split flow & Holistic Strata
by Catherine Blanch.
Moving between the pixilation of light and dark, choreographer and dancer Hiroaki Umeda uses cutting edge digital multimedia and soundscapes to create a truly magical performance experience unlike anything you may have previously witnessed. One of the leading figures in the Japanese avant-garde art scene, Hiroaki has mesmerised festival and theatre audiences worldwide as he explores and presents new languages of physical dance bathed in ambiguous light and shade with his solo pieces that have included Haptic (2008), Adapting For Distortion (2008), Holistic Strata (2011) and split flow (2013).
Adding composer, lighting designer, scenographer and visual artist to his skillset, we speak with Hiroaki Umeda via email. Although this is not his first visit in Australia, this is Hiroaki’s first time to Adelaide and the OzAsia Festival.
Being two individual pieces, we ask how audiences will be able to distinguish between split flow and then Holistic Strata as they move from one to the other.
“Holistic Strata is more of a visual piece than a dance piece,” he begins. “I would say the piece is a visual installation with a human body. I designed all the projection images as part of the choreography. split flow is more of a ‘dance’ piece with lighting design, focused more on movement of human body and fine texture of the space.”
A world-renown physical dancer, you move between gentle to violent, distorting the line between sound and space. What was the inspiration to create to create a show bathed in pixelated light and dark?
“At one moment, I came to an idea that you cannot see dance without light. So, I realised how important lighting was in dance pieces. In other words, lighting can transform or even eliminate dance. That is how I started to choreograph visual images.”
How many forms of multimedia are used within your two pieces and how do you incorporate them together?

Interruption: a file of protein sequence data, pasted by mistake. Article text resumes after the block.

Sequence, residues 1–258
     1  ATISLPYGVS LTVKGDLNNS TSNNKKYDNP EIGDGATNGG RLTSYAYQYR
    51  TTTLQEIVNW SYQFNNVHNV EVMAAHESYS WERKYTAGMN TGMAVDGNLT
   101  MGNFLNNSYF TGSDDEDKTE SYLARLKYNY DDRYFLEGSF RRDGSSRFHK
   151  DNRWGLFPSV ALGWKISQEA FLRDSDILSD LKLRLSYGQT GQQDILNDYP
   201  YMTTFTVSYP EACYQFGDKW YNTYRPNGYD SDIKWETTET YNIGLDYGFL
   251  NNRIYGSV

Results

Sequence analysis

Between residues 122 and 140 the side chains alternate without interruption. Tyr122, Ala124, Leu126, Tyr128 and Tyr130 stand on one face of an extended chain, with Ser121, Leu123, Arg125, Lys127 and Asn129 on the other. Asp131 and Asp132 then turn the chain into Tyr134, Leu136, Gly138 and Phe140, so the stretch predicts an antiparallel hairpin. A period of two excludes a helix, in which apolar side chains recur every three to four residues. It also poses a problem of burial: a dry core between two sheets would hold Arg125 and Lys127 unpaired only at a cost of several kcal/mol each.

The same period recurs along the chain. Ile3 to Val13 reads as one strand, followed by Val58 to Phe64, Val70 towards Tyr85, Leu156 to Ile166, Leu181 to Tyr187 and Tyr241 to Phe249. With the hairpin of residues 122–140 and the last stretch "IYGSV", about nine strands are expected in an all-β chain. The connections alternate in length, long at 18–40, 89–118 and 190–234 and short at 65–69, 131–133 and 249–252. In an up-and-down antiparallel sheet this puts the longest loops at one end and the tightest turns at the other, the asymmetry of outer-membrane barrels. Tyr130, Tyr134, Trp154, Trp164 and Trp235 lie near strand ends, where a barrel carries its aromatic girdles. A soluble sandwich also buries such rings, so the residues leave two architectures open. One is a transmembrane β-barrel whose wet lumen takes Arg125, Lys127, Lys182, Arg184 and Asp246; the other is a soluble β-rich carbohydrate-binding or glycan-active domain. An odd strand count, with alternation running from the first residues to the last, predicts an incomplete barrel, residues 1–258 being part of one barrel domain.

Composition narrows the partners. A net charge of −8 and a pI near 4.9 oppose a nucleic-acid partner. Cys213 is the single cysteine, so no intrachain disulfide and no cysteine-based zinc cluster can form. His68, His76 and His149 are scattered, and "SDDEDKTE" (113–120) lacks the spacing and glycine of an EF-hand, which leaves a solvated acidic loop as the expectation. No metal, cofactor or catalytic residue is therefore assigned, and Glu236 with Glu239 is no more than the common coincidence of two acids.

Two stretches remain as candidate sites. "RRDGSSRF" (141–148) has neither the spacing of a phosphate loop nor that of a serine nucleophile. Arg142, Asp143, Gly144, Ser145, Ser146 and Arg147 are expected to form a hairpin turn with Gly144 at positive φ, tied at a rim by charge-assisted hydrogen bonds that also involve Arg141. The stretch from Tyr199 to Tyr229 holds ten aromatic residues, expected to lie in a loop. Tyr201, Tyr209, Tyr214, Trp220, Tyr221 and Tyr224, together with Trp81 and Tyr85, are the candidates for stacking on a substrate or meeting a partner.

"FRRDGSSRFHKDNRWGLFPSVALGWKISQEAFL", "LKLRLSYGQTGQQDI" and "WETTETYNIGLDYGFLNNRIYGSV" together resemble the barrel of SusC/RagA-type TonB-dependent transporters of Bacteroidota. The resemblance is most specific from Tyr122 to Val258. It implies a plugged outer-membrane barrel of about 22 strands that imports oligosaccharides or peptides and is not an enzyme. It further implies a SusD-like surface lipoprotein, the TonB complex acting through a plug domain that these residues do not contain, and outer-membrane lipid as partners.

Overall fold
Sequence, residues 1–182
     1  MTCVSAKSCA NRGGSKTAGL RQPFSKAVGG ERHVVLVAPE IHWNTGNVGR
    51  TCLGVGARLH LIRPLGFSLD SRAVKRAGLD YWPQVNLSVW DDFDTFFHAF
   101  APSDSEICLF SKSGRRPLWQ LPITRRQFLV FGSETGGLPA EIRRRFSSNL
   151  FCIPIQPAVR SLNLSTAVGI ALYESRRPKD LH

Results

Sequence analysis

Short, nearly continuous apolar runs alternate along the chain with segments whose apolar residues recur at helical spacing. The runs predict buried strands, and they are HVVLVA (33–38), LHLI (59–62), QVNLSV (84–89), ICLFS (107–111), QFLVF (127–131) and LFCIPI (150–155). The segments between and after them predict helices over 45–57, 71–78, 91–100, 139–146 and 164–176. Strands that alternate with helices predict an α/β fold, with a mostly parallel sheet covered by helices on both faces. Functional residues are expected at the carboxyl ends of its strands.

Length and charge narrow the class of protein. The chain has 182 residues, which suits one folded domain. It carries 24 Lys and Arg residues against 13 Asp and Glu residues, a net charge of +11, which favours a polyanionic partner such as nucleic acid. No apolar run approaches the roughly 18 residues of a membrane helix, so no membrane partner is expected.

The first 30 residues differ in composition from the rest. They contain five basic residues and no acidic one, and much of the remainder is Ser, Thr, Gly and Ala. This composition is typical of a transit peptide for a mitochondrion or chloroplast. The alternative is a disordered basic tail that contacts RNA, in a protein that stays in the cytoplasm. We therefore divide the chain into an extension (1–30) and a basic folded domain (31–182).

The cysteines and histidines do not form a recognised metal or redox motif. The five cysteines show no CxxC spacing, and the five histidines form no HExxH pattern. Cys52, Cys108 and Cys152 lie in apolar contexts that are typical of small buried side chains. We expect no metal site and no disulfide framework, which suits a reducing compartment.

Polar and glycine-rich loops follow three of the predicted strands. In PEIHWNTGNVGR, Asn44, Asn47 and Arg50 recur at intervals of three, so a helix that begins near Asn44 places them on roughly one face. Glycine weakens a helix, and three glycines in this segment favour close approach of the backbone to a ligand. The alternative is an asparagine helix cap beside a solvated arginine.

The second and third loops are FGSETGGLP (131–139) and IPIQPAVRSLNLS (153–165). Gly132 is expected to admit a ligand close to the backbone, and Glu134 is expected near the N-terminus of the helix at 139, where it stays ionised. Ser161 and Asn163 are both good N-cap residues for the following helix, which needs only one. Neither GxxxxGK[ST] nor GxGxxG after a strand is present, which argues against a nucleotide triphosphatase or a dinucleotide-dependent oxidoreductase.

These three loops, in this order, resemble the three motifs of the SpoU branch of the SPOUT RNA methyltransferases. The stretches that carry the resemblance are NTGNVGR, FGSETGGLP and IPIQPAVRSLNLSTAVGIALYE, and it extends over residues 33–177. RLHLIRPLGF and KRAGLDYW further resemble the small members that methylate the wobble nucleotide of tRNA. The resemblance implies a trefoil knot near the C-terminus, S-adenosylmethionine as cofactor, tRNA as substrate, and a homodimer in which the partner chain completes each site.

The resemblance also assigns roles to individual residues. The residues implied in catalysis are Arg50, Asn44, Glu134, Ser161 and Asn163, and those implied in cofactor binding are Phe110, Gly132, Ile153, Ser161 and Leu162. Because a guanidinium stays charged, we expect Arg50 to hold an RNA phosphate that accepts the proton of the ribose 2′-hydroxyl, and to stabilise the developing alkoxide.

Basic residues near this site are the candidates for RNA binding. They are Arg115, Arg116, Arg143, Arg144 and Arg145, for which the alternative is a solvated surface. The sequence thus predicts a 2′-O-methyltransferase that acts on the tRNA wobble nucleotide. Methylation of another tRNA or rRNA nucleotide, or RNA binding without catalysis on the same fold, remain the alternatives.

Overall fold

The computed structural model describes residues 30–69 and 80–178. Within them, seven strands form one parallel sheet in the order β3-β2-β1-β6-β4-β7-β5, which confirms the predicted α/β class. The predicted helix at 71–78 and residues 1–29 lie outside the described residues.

“I use light, sound and dance,” Hiroaki says. “One is using video projection and the other one is using laser light. All the media I use in the pieces are part of my choreography. So they are like different instruments of an orchestra to make a song.”
How do the senses of your audience ‘cope’ with the soundscapes and visual sensations? Has anyone ever felt it was an overload? Or it is done in such a way that audiences are able to immerse themselves as if they were part of the performance?
“The sound in my piece is probably not considered as music,” he replies. “It is sound. The video projection is not image, it is more of lighting. I use sound and light as physical stimulation, so I have to push human sensory custom a little more than usual. That is why for some people it may seem too strong.”
You have been touring these pieces around the world. What have the reactions been, and how, if at all, do they differ between countries and cultures?
“People who want stories or meaning or people who have specific dance taste wouldn’t enjoy my works so much,” Hiroaki says. “But, those who are open to different art styles would enjoy them. Recently I perform more in digital music festivals than in dance festivals. I was surprised to find out that people in the music field enjoy my works very much.”
Working with dancers of distinct physical backgrounds, 2009 saw Hiroaki Umeda begin a ten-year commissioned project [Sweden] called ‘Superkinesis’ where he explores kinetic languages within movement by tuning into the subtle voices and sounds of the surrounding environment, which are perceived only by an acute sensorial receptor referred to as ‘dancers’. As Hiroaki will be presenting two of his creations in one performance, we ask if there is meaning behind both split flow and Holistic Strata.
“There is no story or meaning behind either of the works,” he suggests. “What I would like for audiences to get is to ‘experience’ the pieces.”
What have you heard of Adelaide Festival Centre’s OzAsia Festival?
“It’s not what I’ve heard, but what I’ve seen,” Hiroaki says. “I attended the opening reception of the installations, and I found that the festival was really communicated with the local people there. So I felt that the festival has a really intimate relationship with the local audiences.”
Much like Hiroaki with his own audiences, we suspect.
Hiroaki Umeda performs split flow & Holistic Strata at Dunstan Playhouse, Adelaide Festival Centre, at various times, on Tue 27 Sep until Wed 28 Sep.
Book at BASS on 131 246 and bass.net.au or ozasia.com.au. Click HERE for teaser and to purchase your tickets.
Click HERE for your chance to win one of three double passes to see split flow & Holistic Strata at Dunstan Playhouse on Wed 28 Sep.
Cover image courtesy of Marui Yamaguchi
Centre image courtesy of S20